Genius!! Pure genius! This is a major challenge with disaster preparedness today, and learning lessons from history and previous disasters are essential to minimizing impacts from future disasters. Case and point NYC… With Hurricane Sandy, the storm surge was referenced as being a record surge.. even higher than the hurricane that occurred in 1821. This still begs the question – “what if the hurricane of 1821 happened again today… what would the impact be?” Additionally, as stated in http://stevengoddard.wordpress.com/2012/11/15/1821-hurricane-struck-new-york-at-low-tide/, the 1821 storm actually struck at LOW tide.. meaning the Category 3 storm then could have produced a tide level even higher than Sandy had it struck 12 hours earlier or later. Again.. this means for preparedness… “THIS COULD HAPPEN…” Again, great advances in technology, now we just have to put it together to answer the core questions… what if it happened again today, and how could we be more prepared…
Have you ever wondered if there are patterns to where and when severe weather occurs in the United States? There are days where we see tornado watches, severe thunderstorm warnings, reports of high wind, hail and even tornadoes. But, what if you could see these patterns visually – say for example on a map of the country. Well, University of Oklahoma Ph.D. candidate Patrick Marsh has just created an incredible set of animations hosted on Youtube depicting daily severe weather probabilities over a 30 year period.
You can read more on Patrick’s most recent posts at the links below:
“Now, we can look abroad and see large cities, handsome villages, fine fields, and rich gardens. We see good, smooth roads, strong bridges, and well finished houses.”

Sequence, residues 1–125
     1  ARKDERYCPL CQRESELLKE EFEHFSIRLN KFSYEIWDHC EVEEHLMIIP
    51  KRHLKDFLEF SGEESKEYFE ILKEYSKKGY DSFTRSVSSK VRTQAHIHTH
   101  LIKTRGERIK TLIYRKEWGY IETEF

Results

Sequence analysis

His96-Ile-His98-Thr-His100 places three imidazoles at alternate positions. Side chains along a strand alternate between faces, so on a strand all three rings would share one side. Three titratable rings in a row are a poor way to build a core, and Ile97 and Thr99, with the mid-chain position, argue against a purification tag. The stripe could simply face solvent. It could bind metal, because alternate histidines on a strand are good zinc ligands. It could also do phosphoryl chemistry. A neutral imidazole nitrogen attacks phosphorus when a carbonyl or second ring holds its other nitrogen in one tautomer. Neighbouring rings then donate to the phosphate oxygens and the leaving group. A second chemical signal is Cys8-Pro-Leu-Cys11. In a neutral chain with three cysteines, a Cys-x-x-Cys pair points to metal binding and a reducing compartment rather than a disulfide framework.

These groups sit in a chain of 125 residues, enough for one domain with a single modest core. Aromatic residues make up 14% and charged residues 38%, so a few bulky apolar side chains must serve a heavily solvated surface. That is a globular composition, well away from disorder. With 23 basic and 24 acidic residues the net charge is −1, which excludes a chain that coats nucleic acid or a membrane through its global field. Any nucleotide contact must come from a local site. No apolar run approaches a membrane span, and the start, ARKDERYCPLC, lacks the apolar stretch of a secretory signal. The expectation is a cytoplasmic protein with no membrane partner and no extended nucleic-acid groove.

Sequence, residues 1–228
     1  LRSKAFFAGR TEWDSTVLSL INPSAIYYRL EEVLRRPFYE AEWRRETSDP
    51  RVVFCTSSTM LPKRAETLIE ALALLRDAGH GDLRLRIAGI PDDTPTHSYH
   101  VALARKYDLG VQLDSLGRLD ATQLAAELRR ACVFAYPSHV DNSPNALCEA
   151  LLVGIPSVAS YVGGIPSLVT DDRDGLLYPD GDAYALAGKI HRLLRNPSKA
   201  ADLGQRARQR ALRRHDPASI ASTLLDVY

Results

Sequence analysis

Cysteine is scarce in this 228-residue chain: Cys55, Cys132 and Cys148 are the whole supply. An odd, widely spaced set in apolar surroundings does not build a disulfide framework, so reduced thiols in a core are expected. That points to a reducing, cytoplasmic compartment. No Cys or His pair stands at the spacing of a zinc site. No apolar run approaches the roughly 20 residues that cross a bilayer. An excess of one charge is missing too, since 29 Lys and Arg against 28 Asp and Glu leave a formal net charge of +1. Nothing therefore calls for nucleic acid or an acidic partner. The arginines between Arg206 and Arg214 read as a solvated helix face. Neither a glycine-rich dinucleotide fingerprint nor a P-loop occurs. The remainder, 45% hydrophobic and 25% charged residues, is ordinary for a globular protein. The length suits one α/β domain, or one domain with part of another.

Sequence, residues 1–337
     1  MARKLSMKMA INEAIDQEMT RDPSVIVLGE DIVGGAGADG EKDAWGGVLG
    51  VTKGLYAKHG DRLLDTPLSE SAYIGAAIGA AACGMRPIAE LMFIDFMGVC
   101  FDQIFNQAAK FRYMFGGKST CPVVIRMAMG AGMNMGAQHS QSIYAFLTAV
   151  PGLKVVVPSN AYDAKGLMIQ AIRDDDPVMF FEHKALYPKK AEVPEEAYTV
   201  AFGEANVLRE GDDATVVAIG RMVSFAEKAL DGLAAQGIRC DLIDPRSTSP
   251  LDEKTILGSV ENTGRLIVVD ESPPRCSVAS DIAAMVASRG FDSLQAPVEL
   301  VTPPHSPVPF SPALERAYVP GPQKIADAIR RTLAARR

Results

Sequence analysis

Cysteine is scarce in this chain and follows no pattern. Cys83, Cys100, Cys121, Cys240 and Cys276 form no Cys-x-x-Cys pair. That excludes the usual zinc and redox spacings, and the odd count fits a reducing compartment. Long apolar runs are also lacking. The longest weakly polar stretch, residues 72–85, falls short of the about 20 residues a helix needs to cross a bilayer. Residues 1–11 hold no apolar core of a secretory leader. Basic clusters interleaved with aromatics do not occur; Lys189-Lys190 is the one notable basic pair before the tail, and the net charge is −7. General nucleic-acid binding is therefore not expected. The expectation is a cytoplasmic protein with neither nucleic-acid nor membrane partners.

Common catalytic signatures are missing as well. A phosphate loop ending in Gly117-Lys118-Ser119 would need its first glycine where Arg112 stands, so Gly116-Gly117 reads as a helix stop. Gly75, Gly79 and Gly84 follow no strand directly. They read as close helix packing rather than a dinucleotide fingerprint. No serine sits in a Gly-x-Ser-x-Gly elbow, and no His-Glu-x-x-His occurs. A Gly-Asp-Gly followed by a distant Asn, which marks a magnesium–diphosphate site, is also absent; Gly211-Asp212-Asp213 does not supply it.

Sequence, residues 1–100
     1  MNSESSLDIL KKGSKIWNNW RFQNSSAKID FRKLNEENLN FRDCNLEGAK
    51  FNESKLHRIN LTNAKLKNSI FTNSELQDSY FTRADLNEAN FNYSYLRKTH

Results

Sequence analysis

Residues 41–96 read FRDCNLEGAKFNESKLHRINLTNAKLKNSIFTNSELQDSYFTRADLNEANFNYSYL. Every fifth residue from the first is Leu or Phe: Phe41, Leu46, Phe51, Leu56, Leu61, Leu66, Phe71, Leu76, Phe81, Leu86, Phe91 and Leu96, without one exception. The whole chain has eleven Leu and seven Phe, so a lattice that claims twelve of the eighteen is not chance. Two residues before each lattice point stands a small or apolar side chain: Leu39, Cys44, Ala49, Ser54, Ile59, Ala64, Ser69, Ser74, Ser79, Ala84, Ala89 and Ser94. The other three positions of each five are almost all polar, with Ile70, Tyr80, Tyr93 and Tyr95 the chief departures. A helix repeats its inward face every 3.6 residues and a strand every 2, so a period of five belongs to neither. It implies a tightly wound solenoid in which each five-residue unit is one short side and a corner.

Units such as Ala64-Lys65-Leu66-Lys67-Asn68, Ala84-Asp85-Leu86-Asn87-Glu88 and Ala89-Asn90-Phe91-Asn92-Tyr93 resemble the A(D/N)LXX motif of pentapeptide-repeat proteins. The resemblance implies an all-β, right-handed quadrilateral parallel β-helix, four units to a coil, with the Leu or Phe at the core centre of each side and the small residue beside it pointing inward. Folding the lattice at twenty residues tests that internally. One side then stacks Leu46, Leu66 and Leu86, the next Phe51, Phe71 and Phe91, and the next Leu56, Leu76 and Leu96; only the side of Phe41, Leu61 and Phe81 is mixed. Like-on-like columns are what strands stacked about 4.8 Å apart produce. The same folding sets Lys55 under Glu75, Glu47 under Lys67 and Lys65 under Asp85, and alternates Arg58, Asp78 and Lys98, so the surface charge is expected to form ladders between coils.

One of the greatest challenges with humanity is the personal and corporate failure to learn from history. When we experience a natural disaster, or calamity we often say, “wow, this is the worst event since…” or “I’ve never seen anything like this…” However when we say such things, we join in on the failure to know and remember history, and to look at the good and the bad. Continue reading
This week it’s hard to miss the hundreds of articles and thoughts on the severity of the current drought, and how it is the worst drought in aerial coverage since 1956″
Huffington Post – “The percentage of affected land is the largest since December 1956, when 58 percent of the country was covered by drought, and it rivals even some years in the Dust Bowl era of the 1930s”
LA Times – “The drought gripping the Midwest and about 80% of the country is the most widespread since 1956, stoking massive wildfires and decimating the nation’s breadbasket crops”
UK Telegraph – “The United States is experiencing its widest-spread drought in 56 years, according to a release by the nation’s meteorological agency.”
When it comes to earthquakes and being aware / ready for major earthquakes, you might think of the San Andreas Fault, or places like Japan, Chile, China, Mexico or Indonesia.
However in the past year, there have been two extremely significant earthquakes in the United States that were “outliers” from previous events. Both of these were felt over large areas and measured above 5.5 on the Richter Scale.
- August 23, 2011 – Mineral, VA M5.8 Earthquake
- November 5, 2011 – Sparks, OK M5.6 Earthquake
However, I just recently discovered an incredible post by the US Geological Service (USGS) on the Oklahoma Earthquake. In this post at http://www.usgs.gov/blogs/features/usgs_top_story/oklahoma-struck-by-series-of-quakes/, the following image paints a very clear picture: Continue reading